ABC Radio Melbourne with Jon Faine

SUBJECTS: Peter Dutton’s eligibility to sit in Parliament



SUBJECTS: Peter Dutton’s eligibility to sit in Parliament
FAINE: Mark Dreyfus, good morning to you.
MARK DREYFUS, SHADOW ATTORNEY-GENERAL: Good morning Jon, thanks for having me.
FAINE: Is the Labor party now going to try again with Malcolm Turnbull’s urging?
DREYFUS: We’re going to consider our options but our preference is for Mr Morrison to show some integrity and some leadership and refer Mr Dutton to the High Court to clear this matter up. Seriously, why is Scott Morrison so afraid of Peter Dutton? I think, probably people do know the answer to that.
It’s an extraordinary state of affairs Jon and it’s essential that the Constitution be respected. We’ve got Mr Morrison making light of it this morning; he says that it’s just a lawyer’s picnic. It’s no lawyer’s picnic. You cannot make light of the Constitution. This is about the legitimacy of our Parliament; it’s about making sure that a very senior minister, when he makes decisions, is not making invalid decisions, because section 64 of the Constitution will cause a problem if he was not eligible to be sitting in Parliament. It’s essential that this go to the High Court. I do agree with Malcolm Turnbull when he says why one law for one person and another for Peter Dutton?
FAINE: Mr Turnbull voted not to refer Peter Dutton to the High Court when the matter was last debated, why should we take any notice of the fact that he’s had a change of heart?
DREYFUS: At that point, he didn’t have the Solicitor-General’s advice that was obtained the following day. The Solicitor-General’s made it absolutely clear that there is doubt about this position that can only be cleared up by the High Court. The Solicitor-General said that he has been given very little facts with which to provide his opinion and let’s also bear in mind that the failure to refer, the refusal to refer was only carried by one vote, Peter Dutton’s vote.
FAINE: Sure, If Mr Turnbull hadn’t had a dummy spit and left the Parliament in high dudgeon he could have been in the Parliament to vote with you.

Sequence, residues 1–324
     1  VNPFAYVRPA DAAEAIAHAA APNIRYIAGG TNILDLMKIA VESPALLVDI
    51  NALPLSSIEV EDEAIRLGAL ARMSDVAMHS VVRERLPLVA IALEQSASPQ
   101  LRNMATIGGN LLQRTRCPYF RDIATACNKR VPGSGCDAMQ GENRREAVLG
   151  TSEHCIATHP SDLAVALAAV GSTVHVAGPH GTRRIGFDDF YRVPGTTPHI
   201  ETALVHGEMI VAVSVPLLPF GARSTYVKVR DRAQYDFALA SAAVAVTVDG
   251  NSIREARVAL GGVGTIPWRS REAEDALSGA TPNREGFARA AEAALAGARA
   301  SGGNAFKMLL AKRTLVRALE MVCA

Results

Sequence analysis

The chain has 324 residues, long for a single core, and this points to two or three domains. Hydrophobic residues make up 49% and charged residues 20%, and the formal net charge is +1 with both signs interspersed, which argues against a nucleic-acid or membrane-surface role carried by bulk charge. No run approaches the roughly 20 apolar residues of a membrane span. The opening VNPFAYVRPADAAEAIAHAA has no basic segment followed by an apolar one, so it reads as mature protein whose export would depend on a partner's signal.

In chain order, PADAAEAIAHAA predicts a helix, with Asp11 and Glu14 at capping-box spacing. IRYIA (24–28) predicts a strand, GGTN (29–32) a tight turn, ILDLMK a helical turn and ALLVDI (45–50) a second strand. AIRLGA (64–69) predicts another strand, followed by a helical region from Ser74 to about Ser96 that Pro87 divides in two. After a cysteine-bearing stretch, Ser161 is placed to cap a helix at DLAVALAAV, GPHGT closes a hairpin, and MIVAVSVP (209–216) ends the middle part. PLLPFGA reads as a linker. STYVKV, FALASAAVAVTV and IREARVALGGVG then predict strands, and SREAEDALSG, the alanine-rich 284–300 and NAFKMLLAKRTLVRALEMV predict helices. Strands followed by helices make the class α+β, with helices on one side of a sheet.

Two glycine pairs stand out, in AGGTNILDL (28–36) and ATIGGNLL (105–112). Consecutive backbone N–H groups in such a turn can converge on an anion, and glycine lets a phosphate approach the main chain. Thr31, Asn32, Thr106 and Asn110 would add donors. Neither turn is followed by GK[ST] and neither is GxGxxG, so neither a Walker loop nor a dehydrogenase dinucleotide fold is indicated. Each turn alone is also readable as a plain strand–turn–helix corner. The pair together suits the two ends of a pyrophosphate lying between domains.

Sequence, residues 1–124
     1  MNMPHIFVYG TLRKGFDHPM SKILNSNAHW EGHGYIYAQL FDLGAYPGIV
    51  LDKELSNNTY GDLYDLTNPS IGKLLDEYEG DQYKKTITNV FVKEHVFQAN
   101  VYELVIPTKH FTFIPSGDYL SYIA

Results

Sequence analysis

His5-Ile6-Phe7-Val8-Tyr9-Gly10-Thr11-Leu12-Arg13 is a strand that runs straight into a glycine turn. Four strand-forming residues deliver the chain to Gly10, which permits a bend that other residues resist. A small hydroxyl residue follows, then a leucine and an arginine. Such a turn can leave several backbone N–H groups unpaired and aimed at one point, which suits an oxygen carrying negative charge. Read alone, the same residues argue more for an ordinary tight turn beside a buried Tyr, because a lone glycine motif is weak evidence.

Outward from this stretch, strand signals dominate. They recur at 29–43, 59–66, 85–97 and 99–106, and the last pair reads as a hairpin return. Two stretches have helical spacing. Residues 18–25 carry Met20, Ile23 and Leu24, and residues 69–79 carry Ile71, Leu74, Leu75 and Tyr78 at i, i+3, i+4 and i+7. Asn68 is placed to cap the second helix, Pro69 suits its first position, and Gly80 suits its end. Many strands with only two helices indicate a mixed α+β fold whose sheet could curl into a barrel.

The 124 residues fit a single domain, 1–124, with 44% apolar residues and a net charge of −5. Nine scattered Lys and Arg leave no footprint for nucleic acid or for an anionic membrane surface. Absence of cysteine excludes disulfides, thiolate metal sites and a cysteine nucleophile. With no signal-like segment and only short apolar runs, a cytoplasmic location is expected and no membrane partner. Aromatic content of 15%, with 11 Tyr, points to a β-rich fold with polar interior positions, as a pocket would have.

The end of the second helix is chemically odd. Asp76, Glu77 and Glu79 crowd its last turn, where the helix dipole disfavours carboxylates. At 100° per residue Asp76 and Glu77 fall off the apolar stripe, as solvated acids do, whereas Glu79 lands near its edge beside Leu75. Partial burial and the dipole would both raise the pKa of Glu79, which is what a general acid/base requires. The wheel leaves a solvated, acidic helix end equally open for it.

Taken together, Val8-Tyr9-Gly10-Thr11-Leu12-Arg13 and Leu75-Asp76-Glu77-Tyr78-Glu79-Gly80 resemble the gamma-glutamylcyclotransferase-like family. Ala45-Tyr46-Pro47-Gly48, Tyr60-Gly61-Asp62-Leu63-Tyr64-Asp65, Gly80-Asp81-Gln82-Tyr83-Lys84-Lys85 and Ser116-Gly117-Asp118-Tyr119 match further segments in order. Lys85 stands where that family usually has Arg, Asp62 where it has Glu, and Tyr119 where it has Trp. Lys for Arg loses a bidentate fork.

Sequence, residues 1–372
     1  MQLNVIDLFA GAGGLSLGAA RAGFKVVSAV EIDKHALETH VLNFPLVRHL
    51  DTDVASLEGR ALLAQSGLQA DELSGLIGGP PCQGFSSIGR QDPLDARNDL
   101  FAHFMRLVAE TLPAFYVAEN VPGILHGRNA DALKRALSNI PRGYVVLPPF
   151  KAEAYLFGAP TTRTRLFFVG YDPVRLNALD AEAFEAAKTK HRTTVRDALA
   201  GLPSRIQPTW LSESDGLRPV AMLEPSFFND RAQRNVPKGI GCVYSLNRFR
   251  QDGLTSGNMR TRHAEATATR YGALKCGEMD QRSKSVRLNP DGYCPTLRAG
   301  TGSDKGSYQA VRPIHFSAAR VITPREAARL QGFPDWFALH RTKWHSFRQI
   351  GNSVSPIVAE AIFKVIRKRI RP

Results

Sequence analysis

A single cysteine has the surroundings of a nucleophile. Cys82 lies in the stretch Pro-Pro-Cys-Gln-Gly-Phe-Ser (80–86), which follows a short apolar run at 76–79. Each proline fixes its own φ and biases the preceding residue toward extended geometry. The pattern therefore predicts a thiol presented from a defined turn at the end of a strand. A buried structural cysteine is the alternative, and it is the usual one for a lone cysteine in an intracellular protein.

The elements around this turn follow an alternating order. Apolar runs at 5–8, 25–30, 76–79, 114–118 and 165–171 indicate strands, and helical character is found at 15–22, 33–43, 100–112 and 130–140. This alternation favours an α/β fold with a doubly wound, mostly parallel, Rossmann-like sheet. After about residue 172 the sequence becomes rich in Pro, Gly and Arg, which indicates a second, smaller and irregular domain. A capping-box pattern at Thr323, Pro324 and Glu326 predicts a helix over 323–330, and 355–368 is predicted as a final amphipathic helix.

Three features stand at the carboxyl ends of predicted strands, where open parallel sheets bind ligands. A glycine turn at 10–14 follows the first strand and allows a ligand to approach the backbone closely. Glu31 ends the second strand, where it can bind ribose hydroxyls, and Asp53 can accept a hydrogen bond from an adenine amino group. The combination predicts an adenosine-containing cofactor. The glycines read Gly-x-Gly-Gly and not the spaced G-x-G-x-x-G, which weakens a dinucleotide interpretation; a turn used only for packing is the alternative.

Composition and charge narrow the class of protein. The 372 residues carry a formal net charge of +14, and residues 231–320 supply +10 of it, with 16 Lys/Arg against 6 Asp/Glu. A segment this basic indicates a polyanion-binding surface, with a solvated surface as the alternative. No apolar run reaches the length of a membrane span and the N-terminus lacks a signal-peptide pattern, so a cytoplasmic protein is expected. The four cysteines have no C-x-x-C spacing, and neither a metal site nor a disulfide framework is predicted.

DREYFUS: Well, he’s now resigned. So that’s not a situation we have to worry about.
FAINE: No, but we add it to a long list of politicians who once they’re out of Parliament start saying that all sorts of things should happen which they declined to do when they were in the Parliament.
DREYFUS: We think it’s essential that Peter Dutton be referred, he should refer himself. If he won’t refer himself, Mr Morrison should accept that he should be referred and support a referral. When Barnaby Joyce was referred to the High Court, the Solicitor-General had expressed an opinion that Barnaby Joyce was in fact eligible - that proved to be wrong. But to clear the matter up, to put the matter beyond doubt, it was sent to the High Court and that’s what should occur this time too.
FAINE: In which case, if Mr Morrison does that, he potentially loses his majority, even before the Wentworth by-election. It’s not going to happen is it?
DREYFUS: I think the Constitution comes first.
FAINE: Okay.
DREYFUS: I think we’ve got to respect the Constitution. I think we’ve got to respect the rule of law. We can’t have a senior minister sitting in the Parliament making decisions. He’s the National Security Minister Jon. He makes hundreds of decisions and they need to be beyond doubt; valid. That won’t happen while there is the continuing doubt over his eligibility to even sit in the Parliament.
FAINE: Thank you for your time on this issue yet again this morning.